Jesus lived in an agrarian society, so it isn’t surprising that he used farming metaphors as concrete images to explain the mysterious nature of the kingdom of God. The kingdom of heaven is like someone who has sowed good seed, yet an enemy has come and sowed weeds among the wheat. The kingdom of heaven is messy and complicated and will encounter opposition. In fact, evil exists in the world, and may not be easily rooted out. As the householder wisely advises his slaves, it is not a good idea to pull out the weeds, for their roots are entangled with the wheat and pulling them out will damage the crop. Jesus explains that at the end of the age, the angelic reapers will collect the weeds and throw them into the fire, while the wheat will be gathered into God’s kingdom.

We wonder, along with the slaves in the story, where these weeds came from. Why does God allow evil to grow in God’s kingdom? What can we do about it?

Scholars tell us that the weeds in the parable are likely darnel, a weedy grass that looks like wheat until it matures. While the plants in the field are young, the good wheat and the invasive weeds are indistinguishable and intertwined. Then the heads of the wheat droop over, while the heads of the weeds stand up straight. The image is of humility and pride. Is it up to the humble, true followers of Jesus to identify and destroy their proud, hypocritical neighbors? Is the destiny of wheat and weed fixed, or is there a possibility of redemption? There is a difference between weeds and people. We might argue that weeds are weeds forever, while people, if not torn out by the roots, might be redeemed by God’s grace. We cannot be certain who is good and who is evil.

In the parable, the householder says, “In gathering the weeds you would uproot the wheat along with them. Let both of them grow together until the harvest.” He counsels patience and faith in God’s justice. It is important not to damage the roots of the wheat. A good steward must do what is best for all, even if the weeds will survive in the short term.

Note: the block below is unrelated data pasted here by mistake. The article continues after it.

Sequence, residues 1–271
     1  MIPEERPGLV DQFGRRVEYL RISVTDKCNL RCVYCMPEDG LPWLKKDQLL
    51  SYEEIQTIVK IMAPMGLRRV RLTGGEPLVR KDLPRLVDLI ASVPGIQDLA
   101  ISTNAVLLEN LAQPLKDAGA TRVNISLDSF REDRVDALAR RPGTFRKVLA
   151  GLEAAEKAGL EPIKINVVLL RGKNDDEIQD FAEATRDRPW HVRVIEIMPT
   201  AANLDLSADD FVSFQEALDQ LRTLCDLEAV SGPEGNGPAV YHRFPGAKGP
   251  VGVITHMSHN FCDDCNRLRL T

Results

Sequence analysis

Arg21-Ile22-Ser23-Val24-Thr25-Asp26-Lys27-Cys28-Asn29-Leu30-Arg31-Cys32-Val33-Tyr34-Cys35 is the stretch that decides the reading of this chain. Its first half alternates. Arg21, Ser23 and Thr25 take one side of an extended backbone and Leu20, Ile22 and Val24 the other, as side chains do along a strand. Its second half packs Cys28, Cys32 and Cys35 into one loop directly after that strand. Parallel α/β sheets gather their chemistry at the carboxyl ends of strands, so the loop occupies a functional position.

What does this narrative tell us about the values and culture of the storytellers?

  • We acknowledge the presence of evil in the world,

  • While evil may be redeemed, that redemption may not happen in this world,

  • It is not our job to judge, and

  • We believe in God’s judgment at the last day.

Does Jesus’ parable encourage passivity? Are the children of God to wait for those end-of-time reapers, for God to take care of the weeds? Or is Jesus offering guidance on how to live in a complicated world? While we wait for God to judge at the last day, how are we to live? Knowing that evil seed grows, that evil roots are allowed to flourish, how are we to live?

These two stories come together in our hearts and our communities in the season of Pentecost, when we commemorate the beginnings of the Church. From Genesis grows our awareness of the sanctity of consecrated sacred space and the certainty of our eternal relationship with God. Through the parable of the weeds among the wheat, Jesus reminds us that we live in a hostile world, that good and bad are intermingled, that we must live cooperatively for the good of all, and that we ought to leave judgment to God. We are to live in awe, as Jacob did on that morning in Bethel, in the presence of a just God who meets us where we are, who is with us and will keep us, wherever we go.

Let us close with a collect from the Book of Common Prayer, a prayer that might have been written by the householder in today’s parable:

O God, you have bound us together in a common life. Help us, in the midst of our struggles for justice and truth, to confront one another without hatred or bitterness, and to work together with mutual forbearance and respect; through Jesus Christ our Lord. Amen.

Susan Butterworth is a Master of Divinity candidate at Episcopal Divinity School in Cambridge, Massachusetts. Her area of special competency is Anglican, Global, Ecumenical and Interfaith Studies. She is currently an intern with the Lutheran Episcopal Ministry at Massachusetts Institute of Technology, where she leads weekly Taizé prayer. She is writing a book on the anti-apartheid work of the Anglican Dean of Johannesburg Cathedral, Gonville ffrench-Beytagh.


Join us for Sunday service at 11:00 a.m.

Our Saviour Episcopal Church
Rev. Jerome H. "Kip" Colegrove 

870 E. State Street
Salem, Ohio 44460
oursaviour@sbcglobal.org